Germaine Cellier composed Fleeting Moment (or La Fuite Des Heures. Some bottles were labeled in English, others in French. I have both) for Balenciaga a few years after creating Bandit for Robert Piguet. These two could not have been more different. Bandit is a dominatrix in smoke and leather, bad girl extraordinaire; or rather, a bad woman. A girl could never Bandit. Fleeting Moment is soft and romantic. She can even wear pink, though it would be a very tailored pink outfit. We are talking Balenciaga here, after all.
Fleeting Moment feels a bit upside down. It starts sweet and ambery, surprisingly rich for something that's often described as a herbal-jasmine blend. It's not heavy, though, and has a pleasant and cheerful vibe. The moment might be fleeting, but it's not a melancholic experience and there's no angst around this idea. You can wear it and seize the day.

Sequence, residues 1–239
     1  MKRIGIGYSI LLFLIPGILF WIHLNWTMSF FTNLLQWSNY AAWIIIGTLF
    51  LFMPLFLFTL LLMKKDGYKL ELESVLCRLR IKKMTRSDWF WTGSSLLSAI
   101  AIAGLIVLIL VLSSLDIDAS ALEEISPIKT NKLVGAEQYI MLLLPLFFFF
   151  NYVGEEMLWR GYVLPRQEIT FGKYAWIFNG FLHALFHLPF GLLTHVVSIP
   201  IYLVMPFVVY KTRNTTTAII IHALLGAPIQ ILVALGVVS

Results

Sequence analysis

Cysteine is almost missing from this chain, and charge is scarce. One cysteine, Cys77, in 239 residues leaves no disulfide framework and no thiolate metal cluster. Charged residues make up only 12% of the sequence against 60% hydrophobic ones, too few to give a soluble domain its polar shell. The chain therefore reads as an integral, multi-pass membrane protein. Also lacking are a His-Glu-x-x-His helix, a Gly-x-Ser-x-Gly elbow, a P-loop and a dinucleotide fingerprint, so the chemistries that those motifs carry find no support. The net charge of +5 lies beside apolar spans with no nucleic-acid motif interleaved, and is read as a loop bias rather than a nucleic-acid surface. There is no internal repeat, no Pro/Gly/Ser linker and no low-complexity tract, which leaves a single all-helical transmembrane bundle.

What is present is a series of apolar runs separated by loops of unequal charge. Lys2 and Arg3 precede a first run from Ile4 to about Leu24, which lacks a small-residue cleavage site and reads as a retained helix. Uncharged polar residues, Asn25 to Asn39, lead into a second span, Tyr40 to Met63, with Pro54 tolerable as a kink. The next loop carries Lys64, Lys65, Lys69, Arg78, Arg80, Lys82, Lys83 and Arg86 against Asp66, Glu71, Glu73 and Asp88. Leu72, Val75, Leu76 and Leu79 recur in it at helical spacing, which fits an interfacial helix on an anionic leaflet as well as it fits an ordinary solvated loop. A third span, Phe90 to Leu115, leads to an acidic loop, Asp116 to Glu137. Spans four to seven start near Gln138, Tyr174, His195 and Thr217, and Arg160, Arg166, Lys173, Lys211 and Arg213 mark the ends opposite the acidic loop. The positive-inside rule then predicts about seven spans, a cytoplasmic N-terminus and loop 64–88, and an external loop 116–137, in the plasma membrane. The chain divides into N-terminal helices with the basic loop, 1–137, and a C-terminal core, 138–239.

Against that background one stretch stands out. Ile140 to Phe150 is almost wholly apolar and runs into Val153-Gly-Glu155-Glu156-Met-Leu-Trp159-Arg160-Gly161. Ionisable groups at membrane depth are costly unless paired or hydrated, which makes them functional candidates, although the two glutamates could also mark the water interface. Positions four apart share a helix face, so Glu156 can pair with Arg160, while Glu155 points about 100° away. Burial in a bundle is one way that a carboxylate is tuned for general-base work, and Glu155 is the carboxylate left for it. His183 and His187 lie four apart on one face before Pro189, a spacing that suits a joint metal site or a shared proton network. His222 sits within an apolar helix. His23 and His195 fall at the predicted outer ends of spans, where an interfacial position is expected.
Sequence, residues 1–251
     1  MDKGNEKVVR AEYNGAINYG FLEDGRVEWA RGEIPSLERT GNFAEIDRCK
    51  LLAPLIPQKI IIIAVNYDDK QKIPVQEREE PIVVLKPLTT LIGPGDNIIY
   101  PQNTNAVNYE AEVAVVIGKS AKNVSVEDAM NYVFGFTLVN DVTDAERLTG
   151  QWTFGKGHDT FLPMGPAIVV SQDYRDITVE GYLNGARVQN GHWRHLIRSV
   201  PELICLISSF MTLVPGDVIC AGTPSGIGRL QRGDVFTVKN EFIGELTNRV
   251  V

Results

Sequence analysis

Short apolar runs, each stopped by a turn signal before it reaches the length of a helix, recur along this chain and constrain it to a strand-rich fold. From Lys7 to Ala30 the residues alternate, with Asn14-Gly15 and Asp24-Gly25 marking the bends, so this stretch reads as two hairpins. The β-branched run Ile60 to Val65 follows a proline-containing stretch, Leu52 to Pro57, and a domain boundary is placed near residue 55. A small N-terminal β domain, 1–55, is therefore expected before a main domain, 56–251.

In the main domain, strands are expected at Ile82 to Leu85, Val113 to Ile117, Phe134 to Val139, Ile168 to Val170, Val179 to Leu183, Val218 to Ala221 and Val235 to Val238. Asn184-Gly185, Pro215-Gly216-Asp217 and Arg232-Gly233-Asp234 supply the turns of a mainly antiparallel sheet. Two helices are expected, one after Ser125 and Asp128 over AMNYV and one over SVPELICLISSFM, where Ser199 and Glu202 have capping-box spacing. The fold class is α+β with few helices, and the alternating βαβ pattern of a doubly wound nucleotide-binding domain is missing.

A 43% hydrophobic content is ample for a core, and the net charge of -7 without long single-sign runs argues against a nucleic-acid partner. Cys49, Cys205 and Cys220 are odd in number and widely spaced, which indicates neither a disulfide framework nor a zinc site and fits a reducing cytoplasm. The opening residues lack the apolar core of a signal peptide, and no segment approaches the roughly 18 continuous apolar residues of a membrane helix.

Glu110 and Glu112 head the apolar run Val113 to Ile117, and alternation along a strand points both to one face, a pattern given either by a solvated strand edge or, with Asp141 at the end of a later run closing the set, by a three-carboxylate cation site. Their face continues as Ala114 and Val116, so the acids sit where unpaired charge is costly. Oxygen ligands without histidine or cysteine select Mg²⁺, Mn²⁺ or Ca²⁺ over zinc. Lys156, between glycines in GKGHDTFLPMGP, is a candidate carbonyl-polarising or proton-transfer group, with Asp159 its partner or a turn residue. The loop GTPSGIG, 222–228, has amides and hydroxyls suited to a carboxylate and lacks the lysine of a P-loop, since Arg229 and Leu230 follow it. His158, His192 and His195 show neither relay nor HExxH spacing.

The development of La Fuite Des Heures is, indeed, floral. I can't say that I can identify the flowers in either the EDT or in the extrait de parfum. It's more of the floral idea and abstraction of yore (in contrast to what passes as one in many of today's mainstream perfumes and lacks the elegance and perfuminess). I do get the slightly herbal and aromatic vibe that's woven into Fleeting Moment and continues the well-dressed but casual femininity theme. It's sunshine and roses, just without any distinct rosy note.
Fleeting Moment dries down into a soft creamy wood. I don't think it's very impressive or interesting at this stage (though the extrait is deeper and more satisfying at this stage). Still, Fleeting Moment is pretty, easy to wear and actually has something modern about it, despite hailing from the late 1940s.
Fleeting Moment (La Fuite Des Heures) seems to have been discontinued even before the other Balenciaga classics. It appears in online auctions here and there, but your best bet are estate sales, vintage stores and the closet of your great-aunt Tilly.
Images: burdastyle.com amd myvintagevogue.com